Big Fuchsias

Larger Shrubs, Smaller Flowers

<em>Fuchsia paniculata</em>
Courtesy Photo

The inevitable fog is a boon to some plants. Species that originated in moist, cool sites such as the cloud forests in tropical America feel right at home when that summer foghorn starts to blow. Among these are some useful and beautiful species of fuchsia. These are not your grandmother’s hanging baskets spilling with ruffled bicolor bells, but handsome shrubs whose smaller flowers are a bit less showy, but pleasing nonetheless.

Fuchsia flowers are basically tubular with an inner set of petals that overlap rather tightly and an outer ring of sepals that often flare open from the mouth of the tube and may also be a contrasting color. In Fuchsia boliviana, both sepals and petals are red, the tubes slender and up to three inches long. Happily, the flowers appear nearly year-round and clothe the large (up to 12 feet high by eight feet wide) glossy-leaved shrub with their pendant clusters. There is another form, ‘Alba,’ that has paler blossoms in white and pinkish red. Even the resulting fruits are somewhat decorative.

Another good-sized species is F. glazioviana. It hails from Brazil and can serve as a good screening plant, growing six to 12 feet tall. Diminutive flowers in pink and purple are about an inch long. With even smaller flowers, F. paniculata also forms a dense shrub, but can reach 14 feet in height. Although the lavender and pink flowers are tiny, they grow in very large clusters that are often 10 inches across. At first sight, it resembles a lilac, but thrives in our mild winter climate much better than that more temperate shrub. Looking very similar to F. arborescens, F. paniculata is resistant to one of the most disfiguring insects to attack many fuchsias, the fuchsia gall mite.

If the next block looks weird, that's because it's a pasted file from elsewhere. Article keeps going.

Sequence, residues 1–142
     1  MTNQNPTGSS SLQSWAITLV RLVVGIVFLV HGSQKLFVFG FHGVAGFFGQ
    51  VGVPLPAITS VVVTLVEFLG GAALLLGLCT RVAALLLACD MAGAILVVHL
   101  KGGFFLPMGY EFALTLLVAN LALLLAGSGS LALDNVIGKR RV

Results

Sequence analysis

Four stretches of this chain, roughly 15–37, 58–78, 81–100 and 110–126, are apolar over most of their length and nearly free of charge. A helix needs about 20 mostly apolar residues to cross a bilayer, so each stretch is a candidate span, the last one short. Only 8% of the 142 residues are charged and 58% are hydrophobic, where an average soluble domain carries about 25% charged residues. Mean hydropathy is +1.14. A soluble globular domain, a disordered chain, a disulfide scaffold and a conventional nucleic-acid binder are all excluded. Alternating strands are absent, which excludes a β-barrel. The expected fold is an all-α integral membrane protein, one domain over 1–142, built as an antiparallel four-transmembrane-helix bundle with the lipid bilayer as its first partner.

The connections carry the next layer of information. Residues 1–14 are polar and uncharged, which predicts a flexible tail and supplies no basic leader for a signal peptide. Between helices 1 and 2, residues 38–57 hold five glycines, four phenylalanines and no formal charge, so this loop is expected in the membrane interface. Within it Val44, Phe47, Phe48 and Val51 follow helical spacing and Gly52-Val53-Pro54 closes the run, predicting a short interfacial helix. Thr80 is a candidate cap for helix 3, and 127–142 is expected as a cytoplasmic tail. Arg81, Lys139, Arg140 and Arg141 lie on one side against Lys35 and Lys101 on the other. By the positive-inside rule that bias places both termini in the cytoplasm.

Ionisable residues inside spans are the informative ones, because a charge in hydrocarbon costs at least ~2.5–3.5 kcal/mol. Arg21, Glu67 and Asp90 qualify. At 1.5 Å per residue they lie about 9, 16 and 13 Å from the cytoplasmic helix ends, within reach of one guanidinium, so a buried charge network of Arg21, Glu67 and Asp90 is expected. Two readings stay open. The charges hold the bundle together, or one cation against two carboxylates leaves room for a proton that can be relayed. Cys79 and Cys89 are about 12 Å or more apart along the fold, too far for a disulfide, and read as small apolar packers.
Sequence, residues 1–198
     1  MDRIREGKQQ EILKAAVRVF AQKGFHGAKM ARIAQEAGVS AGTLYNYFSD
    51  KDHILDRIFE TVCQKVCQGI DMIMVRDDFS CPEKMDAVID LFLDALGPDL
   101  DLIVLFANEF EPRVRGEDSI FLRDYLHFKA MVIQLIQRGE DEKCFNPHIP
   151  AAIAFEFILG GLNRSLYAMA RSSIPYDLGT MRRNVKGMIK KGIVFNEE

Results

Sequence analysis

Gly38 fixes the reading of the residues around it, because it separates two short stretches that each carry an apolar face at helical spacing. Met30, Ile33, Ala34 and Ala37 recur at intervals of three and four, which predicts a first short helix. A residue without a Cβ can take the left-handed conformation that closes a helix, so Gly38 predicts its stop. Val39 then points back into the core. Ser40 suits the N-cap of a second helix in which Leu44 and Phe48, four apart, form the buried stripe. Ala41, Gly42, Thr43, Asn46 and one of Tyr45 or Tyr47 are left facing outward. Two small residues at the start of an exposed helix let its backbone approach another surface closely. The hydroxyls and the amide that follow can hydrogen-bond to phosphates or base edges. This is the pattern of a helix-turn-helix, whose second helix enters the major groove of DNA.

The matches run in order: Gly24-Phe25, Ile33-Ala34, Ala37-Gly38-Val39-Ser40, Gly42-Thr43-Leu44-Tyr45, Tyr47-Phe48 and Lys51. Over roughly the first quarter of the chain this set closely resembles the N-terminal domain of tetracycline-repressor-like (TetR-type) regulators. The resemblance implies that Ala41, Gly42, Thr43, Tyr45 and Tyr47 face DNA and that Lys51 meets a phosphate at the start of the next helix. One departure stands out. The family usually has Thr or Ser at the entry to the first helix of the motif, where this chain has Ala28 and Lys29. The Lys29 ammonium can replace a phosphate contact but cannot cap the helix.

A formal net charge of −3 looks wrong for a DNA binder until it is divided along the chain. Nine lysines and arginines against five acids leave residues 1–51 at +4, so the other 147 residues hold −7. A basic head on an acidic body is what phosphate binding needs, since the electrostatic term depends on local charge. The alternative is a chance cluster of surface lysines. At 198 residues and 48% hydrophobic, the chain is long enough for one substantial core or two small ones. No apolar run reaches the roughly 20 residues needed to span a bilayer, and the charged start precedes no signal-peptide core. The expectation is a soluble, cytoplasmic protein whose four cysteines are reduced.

This microscopic pest infests all parts of the plant, causing it to grow large clusters of very distorted leaves. The only cure is to cut off the infected portion and dispose of it in a sealed trash can. Once a plant is infected, it is nearly impossible to keep the gall mite under control. Luckily, all the shrubby species above are resistant and should perform admirably for years.

Another species from Peru and Bolivia is F. denticulata. It is not much planted in gardens, but has become an important parent in the move to create gall-mite–resistant hybrids. One of its better-known progeny is ‘Fanfare,’ which grows strong upright stems (up to 10 feet) that can be staked or espaliered. It has large flowers that are orange and red, so it can contribute nice genes for flower diversity, as well.

A few hours of sunshine in the cool part of the day will ensure good flower production, but as with any hybrid fuchsia, these species can also grow in shade. Keep the soil moist, and, especially during dry or windy spells, wash the foliage to keep humidity levels higher. A good layer of mulch will also help keep them happy. Prune in early spring before growth begins to promote blooms that appear on new wood.


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